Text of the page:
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This article in AJ

  1. Vol. 77 No. 1, p. 180-182
    Received: Jan 30, 1984

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Influence of Phenolic Acids on Rumen Fungi1

  1. Danny E. Akin and
  2. Luanne L. Rigsby2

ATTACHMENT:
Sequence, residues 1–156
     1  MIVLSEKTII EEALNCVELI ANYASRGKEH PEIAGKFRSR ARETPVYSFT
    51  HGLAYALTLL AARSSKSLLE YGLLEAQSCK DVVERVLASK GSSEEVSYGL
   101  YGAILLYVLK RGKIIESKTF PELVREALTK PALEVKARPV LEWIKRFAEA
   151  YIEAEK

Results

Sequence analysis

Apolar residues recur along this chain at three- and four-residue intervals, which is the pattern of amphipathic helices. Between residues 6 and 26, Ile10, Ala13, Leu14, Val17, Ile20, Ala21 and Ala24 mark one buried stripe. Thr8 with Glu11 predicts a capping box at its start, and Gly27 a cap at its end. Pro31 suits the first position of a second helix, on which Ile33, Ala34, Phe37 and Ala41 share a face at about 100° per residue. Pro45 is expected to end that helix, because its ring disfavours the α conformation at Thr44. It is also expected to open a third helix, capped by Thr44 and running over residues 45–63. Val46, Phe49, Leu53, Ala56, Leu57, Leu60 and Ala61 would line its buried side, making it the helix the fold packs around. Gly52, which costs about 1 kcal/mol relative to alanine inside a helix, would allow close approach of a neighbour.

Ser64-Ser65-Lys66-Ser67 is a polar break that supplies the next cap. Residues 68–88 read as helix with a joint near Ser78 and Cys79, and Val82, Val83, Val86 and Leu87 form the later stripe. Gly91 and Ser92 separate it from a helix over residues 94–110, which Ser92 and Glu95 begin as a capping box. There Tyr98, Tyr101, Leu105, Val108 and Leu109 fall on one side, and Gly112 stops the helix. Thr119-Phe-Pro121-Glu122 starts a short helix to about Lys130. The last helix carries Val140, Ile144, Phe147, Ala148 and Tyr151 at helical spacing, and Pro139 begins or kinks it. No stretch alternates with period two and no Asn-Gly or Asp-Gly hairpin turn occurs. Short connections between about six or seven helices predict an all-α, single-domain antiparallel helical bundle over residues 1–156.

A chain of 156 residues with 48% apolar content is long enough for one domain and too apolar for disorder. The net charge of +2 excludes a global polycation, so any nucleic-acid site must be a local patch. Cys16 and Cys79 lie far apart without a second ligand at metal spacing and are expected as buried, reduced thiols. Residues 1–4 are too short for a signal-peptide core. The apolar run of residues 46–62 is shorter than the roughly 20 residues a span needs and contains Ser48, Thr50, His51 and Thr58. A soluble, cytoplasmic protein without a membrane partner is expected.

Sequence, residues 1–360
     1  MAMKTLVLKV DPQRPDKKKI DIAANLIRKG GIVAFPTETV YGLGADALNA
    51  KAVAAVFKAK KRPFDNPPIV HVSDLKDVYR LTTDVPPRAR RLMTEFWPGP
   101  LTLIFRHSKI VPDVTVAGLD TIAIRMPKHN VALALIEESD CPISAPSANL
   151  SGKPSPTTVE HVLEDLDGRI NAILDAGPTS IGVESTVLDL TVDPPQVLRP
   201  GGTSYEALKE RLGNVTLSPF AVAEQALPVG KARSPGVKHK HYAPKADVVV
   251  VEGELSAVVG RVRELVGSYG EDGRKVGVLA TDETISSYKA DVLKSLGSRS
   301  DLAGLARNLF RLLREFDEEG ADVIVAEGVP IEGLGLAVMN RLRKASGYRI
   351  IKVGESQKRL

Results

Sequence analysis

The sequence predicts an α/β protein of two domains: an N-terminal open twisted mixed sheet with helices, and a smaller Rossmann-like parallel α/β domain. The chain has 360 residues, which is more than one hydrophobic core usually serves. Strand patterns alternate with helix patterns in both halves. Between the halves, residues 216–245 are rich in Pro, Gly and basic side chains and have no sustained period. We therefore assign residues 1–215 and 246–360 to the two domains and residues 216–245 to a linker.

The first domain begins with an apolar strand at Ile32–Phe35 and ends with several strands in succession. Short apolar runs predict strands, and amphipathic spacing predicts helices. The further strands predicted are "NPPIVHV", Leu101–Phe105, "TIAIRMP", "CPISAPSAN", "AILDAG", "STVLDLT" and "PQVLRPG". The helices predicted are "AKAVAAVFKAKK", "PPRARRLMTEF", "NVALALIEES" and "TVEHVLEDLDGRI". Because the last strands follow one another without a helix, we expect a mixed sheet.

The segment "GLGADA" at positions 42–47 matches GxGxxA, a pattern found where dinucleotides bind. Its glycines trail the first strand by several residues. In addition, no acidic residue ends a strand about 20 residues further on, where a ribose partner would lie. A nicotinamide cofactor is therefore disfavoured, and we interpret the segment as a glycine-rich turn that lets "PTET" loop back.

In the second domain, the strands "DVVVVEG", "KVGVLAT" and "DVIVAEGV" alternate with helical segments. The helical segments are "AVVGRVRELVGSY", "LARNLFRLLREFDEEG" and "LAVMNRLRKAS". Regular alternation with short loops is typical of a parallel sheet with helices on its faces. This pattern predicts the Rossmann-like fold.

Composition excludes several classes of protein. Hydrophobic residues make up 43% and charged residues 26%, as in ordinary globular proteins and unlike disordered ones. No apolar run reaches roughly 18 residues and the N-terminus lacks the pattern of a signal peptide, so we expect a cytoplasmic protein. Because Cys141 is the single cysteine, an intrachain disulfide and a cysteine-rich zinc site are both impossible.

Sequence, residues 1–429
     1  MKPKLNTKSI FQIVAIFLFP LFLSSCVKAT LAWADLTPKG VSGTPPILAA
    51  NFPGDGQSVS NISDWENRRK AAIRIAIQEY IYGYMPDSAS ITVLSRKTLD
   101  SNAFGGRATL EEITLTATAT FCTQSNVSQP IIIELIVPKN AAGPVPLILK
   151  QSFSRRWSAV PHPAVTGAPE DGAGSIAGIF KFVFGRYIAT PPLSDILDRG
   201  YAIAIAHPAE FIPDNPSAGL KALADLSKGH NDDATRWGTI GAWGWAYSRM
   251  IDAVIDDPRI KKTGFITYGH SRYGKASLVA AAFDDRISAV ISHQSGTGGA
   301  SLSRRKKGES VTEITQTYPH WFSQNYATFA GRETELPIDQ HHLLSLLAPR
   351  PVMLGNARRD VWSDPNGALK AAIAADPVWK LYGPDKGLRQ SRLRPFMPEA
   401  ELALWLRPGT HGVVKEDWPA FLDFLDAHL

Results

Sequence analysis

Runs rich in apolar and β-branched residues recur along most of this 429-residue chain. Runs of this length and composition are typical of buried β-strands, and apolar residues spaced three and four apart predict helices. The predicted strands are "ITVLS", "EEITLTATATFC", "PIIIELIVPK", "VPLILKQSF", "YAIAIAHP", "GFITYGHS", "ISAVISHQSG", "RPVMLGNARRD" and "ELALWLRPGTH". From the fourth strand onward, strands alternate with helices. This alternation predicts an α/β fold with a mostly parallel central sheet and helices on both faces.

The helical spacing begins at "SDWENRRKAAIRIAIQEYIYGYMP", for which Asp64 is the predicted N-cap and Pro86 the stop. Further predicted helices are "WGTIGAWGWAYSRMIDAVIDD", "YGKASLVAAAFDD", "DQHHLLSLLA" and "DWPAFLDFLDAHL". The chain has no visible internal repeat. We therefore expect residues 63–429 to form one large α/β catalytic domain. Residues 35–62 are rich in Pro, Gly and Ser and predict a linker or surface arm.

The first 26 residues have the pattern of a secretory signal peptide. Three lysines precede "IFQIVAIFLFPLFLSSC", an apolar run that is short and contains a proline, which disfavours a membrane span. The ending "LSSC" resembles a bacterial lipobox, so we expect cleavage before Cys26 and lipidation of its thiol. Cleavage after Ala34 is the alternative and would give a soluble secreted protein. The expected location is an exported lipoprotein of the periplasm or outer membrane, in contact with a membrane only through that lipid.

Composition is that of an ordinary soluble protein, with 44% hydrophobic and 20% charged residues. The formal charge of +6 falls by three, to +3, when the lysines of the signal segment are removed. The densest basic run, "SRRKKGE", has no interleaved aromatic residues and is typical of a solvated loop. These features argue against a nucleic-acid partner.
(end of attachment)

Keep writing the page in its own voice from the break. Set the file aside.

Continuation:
Phenolic acids are associated with forage fiber, and in the free acid state have been shown to reduce in vitro fiber digestion by rumen bacteria. The objective of the study was to test the effect of free phenolic acids on the colonization and degradation of leaf blades by rumen fungi, which have been shown to attack lignified and other tissues. Colonization of leaf blades of ‘Coastal’ bermudagrass (Cynodon dactylon L. Pers.) by fungi was studied using the light microscope and digestibility was evaluated by dry weight loss. Reduction in the amounts of phenolic acids was determined using ultraviolet spectrophotometry at wavelengths characteristic for the acids. Colonization by rumen fungal populations from a steer (Bos spp.) eating bermudagrass or alfalfa (Medicago sativa L.) was evaluated in the presence of penicillin and streptomycin to inhibit growth of rumen bacteria. The addition of 0.1% .p-coumaric, ferulic, or sinapic acid to media reduced by at least two to three times the number of sporangia developing on the cut edges of leaf blades; the reduction was greater for the alfalfa inocula. Dry weight loss of leaf blade sections in the presence of acids was 25 to 50% of that without acids, and the reduction was greater with alfalfa inocula. No major differences in sporangial numbers or dry weight loss occurred among these acids. Reduction in spectral areas at characteristic wavelengths between uninoculated and inoculated tubes was 14 to 15% for p-coumaric and ferulic acid, but was 44% for sinapic acid. Phenolic acids similar to those in plant cell walls inhibited the development of sporangia on leaf blades and reduced fiber digestion by rumen fungi.

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